Two things struck me as remarkable after the new version took shape. First, a large portion of the business code was reused. Second, even the web layer, which I usually consider as disposable, was recuperated and transformed to Spring MVC Portlet with reasonable efforts.

I took a moment to muse about my experience with Spring. Retrospectively, I think that beyond the direct benefits, Spring simply enabled me to write good code. Good code is reusable.Good code is uncluttered and free of unnecessary dependencies.

I have a pet peeve though, regarding Spring’s perception by newcomers. By taking care of the tedious details, Spring could obscure how things work on a lower level. It might even be hard for some people to grasp the point of using Spring when they haven’t been confronted with the problems it solves in the first place. It's normal that what's good eludes you when you haven't been through the bad!

Wednesday, July 11, 2007

Using Groovy ConfigSlurper to Configure Spring Beans

The latest preview release of Groovy (1.1-beta-2) introduced ConfigSlurper, a new class that enables usage of scripts similar to Java property files, for configuration. ConfigSlurper scripts support native Java types and are structured like a tree. Being Groovy scripts, they also support the regular Groovy features. To put things shortly, ConfigSlurper scripts can be seen as property files on steroids!
Spring offers a couple of configurer objects that allows for configuration of bean properties with Java property files. My goal is to implement a configurer that uses ConfigSlurper scripts instead. As an example (from the Spring reference documentation), using PropertyPlaceholderConfigurer:

<bean id="dataSource" destroy-method="close" class="org.apache.commons.dbcp.BasicDataSource">
    <property name="driverClassName" value="${jdbc.driverClassName}"/>
    <property name="url" value="${jdbc.url}"/>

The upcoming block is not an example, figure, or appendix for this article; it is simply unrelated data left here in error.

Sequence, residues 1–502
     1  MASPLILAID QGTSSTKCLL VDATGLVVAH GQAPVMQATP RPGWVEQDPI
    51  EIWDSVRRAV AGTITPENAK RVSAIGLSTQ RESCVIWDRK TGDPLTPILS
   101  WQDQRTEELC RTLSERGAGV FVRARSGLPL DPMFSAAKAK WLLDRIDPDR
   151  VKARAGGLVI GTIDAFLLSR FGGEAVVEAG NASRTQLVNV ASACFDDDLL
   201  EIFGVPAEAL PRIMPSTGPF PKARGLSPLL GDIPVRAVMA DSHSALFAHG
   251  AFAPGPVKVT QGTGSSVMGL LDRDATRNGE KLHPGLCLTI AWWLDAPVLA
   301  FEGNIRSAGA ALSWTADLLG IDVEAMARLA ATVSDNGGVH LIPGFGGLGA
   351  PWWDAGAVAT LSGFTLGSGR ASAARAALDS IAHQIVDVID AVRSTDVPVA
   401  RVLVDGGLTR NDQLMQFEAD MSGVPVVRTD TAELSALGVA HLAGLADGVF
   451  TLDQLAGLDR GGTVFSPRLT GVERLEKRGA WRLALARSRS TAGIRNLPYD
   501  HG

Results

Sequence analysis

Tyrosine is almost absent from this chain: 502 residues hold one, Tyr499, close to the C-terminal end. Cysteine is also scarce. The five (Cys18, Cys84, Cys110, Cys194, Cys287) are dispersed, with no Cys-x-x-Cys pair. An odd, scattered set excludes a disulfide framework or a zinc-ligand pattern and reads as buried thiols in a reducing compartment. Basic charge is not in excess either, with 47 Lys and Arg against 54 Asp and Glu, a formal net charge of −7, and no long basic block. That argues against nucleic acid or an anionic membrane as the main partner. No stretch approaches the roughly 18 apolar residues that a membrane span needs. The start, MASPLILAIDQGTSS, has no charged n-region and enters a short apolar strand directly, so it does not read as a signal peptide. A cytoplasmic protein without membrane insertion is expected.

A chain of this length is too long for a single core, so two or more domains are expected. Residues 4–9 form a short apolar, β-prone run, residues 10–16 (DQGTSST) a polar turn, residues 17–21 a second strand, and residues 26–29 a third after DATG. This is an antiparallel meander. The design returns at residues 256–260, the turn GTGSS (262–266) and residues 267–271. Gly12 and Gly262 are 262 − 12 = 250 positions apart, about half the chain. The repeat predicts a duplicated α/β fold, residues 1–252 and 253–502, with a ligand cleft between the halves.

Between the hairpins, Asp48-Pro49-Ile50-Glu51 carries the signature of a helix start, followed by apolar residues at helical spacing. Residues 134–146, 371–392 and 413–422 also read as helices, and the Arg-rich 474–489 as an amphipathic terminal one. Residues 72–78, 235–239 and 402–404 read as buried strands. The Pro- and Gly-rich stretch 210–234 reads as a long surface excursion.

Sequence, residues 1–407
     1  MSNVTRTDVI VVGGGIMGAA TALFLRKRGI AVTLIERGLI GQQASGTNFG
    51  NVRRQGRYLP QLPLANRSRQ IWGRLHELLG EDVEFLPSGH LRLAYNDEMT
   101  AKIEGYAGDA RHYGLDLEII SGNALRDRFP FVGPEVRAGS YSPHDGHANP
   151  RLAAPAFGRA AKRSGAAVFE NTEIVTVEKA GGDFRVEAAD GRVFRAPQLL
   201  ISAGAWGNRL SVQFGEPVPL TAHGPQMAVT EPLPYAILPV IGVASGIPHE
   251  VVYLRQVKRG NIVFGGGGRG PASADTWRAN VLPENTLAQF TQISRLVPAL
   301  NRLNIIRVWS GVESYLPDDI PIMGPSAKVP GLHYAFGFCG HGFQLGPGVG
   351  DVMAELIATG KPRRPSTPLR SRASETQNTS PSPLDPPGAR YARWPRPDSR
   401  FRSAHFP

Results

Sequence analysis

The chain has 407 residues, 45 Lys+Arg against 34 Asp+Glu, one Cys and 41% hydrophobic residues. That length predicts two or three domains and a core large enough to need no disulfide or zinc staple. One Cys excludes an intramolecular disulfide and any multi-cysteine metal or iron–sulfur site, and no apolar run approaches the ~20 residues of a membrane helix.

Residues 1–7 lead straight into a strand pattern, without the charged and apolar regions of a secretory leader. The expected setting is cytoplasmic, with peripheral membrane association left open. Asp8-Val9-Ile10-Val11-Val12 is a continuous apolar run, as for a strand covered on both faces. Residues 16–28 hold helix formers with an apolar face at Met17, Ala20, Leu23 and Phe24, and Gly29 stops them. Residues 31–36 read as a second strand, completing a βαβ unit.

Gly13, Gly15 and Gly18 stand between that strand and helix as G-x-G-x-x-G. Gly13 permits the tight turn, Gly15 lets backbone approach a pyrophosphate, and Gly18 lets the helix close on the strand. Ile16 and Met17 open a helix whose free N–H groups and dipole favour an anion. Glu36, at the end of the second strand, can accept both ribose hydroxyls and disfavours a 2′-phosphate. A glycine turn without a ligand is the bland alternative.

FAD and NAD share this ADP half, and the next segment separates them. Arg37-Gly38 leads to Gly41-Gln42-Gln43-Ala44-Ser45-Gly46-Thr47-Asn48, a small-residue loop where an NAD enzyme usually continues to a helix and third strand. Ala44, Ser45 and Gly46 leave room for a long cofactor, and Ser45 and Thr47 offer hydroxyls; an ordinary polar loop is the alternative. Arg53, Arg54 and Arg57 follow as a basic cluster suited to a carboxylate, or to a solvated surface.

<property name="username" value="${jdbc.username}"/>
    <property name="password" value="${jdbc.password}"/>
Here's the associated property file:
With ConfigSlurper we could write something like this:
def normalize(s){
   return s.toUpperCase()

Notice that in addition to the usage of scoping to avoid repetition, we can employ basically any Groovy construct inside the script. Needless to say, this example aims to show some of the possibilities, not to represent a relevant use case.

Integration with Spring

The integration is surprisingly simple thanks to the flexibility of both Spring and Groovy. ConfigSlurper parses a script and produces a ConfigObject. A ConfigObject can be merged with another ConfigObject (coming from another script) and finally transformed to a java.util.Properties.

As a base for our GroovyPlaceholderConfigurer, I'm using PropertyPlaceholderConfigurer. Thus, the usual behaviour of property parsing and resolution can be preserved. We only need to redefine the loadProperties method in order to plug the ConfigSlurper in. Here's the code:

public class GroovyPlaceholderConfigurer extends PropertyPlaceholderConfigurer {
  private Resource[] locations;

  protected void loadProperties(Properties props) throws IOException {
    ConfigObject configObject = new ConfigObject();
    ConfigSlurper configSlurper = new ConfigSlurper();
    for (Resource l : locations) {

  public void setLocations(Resource[] locations) {
    this.locations = locations;

  public void setLocation(Resource location) {
    this.locations = new Resource[] { location };

To use it, we need to define a bean in the application context:

<bean class="cafebabe.GroovyPlaceholderConfigurer">
    <property name="locations">
That's it!

Monday, May 14, 2007

Flexible Endpoints for Spring-WS with Groovy

Typically, endpoints have the responsibility of extracting information from incoming XML, invoking a service from the service layer and transforming the result to XML back again. They don't usually contain "interesting" business logic but they are the first server-side elements to be impacted by changes in the web service's interface. They also might have to deal with different XML messages from different clients. Although not very sophisticated, writing and maintaining endpoints tend to be repetitive and time-consuming . Groovy can bring some flexibility and agility to that.

So, What does Groovy Offer?

Groovy has a couple of neat features that can add value to endpoint development:

  • GPath: GPath is an expression language integrated in Groovy and used to access parts of structured data easily . GPath allows to navigate through XML using the dot notation. So a.b.c means <c> inside <b> inside <a>. To access an attribute, @ is used: a.@x means attribute x of element <a>. Writing an expression for a nonexistent path is possible and does not throw an exception. This flexibility allows for simple duck typing. Of course GPath has other possibilities. We will use GPath to extract information from the request.
  • Builders: special Groovy syntax used to construct arbitrary tree structures. Calling any method on a builder produces an element with same name. The value as well as attributes are specified as parameters of the call. We will use DOMBuilder and NamespaceBuilder to produce the XML of the response.